Published on Feb 20, 2013
Caught between the promise of prosperity that natural gas extraction in the Karoo Basin might bring and concerns about environmental and health impacts, citizen resistance to fracking is growing in the Republic of South Africa. Earth Focus correspondent Jeff Barbee reports.
Published on Nov 28, 2012 by AlJazeeraEnglish
Marshes restored after they were drained under Saddam Hussein during the Iraq-Iran war in the 1980′s are now under the risk of being completely destroyed due to rising temperatures and drought. Al Jazeera’s Jane Arraf reports from Iraq’s southern marshes.
Published on Nov 19, 2012 by linktv
Pollination is key to the US economy, but US bee keepers say that colony collapse disorder — massive bee death — is claiming up to 80 percent of us bee colonies each year. Pesticide Action Network’s Paul Towers states that “we rely on pollinators for one in every three bits of food that we eat.” Towers talks with Earth Focus about why US agriculture and economy are at stake.
Published on Oct 25, 2012 by VOAvideo
A large percentage of people killed by malaria each year are in Nigeria, and the disease is the country’s number one killer of small children. Health officials say modern life-saving drugs are available but the widespread use of out-dated drugs on a resistant strain of malaria continues to cost lives. Heather Murdock has more for VOA from Sokoto and Zamfara States in Nigeria.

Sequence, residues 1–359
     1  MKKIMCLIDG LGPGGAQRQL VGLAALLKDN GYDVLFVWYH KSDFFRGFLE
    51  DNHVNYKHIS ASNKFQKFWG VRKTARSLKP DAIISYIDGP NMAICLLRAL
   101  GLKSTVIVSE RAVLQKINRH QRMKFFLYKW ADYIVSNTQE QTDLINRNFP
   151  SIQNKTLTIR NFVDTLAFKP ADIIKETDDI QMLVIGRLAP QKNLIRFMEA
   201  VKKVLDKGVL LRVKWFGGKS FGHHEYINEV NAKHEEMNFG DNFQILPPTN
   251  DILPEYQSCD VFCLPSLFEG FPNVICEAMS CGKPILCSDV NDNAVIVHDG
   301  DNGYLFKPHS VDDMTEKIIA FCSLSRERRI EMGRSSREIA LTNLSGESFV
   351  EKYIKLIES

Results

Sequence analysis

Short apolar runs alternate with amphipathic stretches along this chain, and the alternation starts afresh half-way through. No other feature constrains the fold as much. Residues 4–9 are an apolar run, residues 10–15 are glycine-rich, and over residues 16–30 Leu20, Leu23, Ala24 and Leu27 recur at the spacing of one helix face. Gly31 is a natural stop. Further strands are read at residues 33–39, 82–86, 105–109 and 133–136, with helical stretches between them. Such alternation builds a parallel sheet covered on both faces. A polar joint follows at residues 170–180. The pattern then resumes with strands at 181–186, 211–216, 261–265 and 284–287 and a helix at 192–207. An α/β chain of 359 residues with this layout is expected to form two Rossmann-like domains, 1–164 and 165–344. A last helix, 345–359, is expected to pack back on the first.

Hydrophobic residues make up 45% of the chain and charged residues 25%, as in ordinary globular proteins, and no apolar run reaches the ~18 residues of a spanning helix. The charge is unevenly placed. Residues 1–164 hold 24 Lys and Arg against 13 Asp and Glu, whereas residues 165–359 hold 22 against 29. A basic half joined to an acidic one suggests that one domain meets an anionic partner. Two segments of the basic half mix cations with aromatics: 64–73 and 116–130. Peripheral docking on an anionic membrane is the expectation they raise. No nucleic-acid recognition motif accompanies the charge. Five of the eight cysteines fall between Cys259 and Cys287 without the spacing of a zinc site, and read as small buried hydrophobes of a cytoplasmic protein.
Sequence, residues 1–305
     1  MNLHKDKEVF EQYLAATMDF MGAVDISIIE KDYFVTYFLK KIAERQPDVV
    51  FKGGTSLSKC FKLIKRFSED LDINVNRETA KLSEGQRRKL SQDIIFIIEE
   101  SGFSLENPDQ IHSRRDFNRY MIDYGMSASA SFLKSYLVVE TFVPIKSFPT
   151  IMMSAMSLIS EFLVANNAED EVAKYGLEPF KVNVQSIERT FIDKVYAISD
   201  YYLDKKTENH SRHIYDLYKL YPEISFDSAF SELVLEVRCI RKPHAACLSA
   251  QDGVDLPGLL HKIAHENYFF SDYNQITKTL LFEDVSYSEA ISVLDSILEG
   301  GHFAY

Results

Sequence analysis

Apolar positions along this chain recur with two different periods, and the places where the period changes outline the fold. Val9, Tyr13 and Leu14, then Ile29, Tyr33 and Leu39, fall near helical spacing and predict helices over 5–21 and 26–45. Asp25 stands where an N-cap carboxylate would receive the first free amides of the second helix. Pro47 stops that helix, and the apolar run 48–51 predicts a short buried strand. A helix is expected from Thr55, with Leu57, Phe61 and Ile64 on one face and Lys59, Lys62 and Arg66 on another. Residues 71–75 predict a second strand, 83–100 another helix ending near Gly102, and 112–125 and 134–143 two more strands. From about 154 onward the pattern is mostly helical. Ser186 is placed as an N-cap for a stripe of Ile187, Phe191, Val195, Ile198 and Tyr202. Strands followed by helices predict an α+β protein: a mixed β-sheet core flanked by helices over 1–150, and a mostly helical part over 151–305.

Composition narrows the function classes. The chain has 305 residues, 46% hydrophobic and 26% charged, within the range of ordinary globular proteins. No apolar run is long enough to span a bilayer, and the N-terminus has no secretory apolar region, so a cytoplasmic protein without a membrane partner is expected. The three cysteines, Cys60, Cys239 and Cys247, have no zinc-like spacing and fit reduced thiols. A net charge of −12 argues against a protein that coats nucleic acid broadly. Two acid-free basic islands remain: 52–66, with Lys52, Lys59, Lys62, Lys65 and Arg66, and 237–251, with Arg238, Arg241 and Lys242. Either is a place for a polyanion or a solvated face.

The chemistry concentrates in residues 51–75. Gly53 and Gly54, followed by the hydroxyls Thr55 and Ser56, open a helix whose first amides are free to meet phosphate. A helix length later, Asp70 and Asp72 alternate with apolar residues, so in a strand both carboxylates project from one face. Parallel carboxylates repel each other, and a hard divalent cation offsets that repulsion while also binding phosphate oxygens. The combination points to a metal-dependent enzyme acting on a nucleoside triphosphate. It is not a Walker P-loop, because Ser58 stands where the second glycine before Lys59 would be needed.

Published on Sep 15, 2012 by AlJazeeraEnglish
Since white settlers arrived in the American heartland of Nebraska in the 19th century, less than one per cent of the original tall grass prairie has survived an onslaught of plowing and grazing.
The prairie is home to some rare species endangered birds, flowers, and butterflies, that do not flourish anywhere else.
Nebraska’s Nine-Mile Prairie was preserved by the Cold War, its borders which were once nuclear weapon bunkers.
The prairie is now preserved by the University of Nebraska.
Al Jazeera’s John Hendren reports from Lincoln, Nebraska.
Published on Aug 26, 2012 by AsianDevelopmentBank
In Lao People’s Democratic, women and girls are faced with the hardship of collecting water for multiple purposes. They travel far distances and make numerous trips—often across uneven terrains. Ms. Buakham’s story is one of many whose life has changed as a result of an ADB-financed water supply system in Sing district. It has helped to ease women’s domestic burden and enhance their economic role through local markets and ecotourism opportunities. The system supplies piped water to more than 1,700 homes and businesses since it began operations in 2010.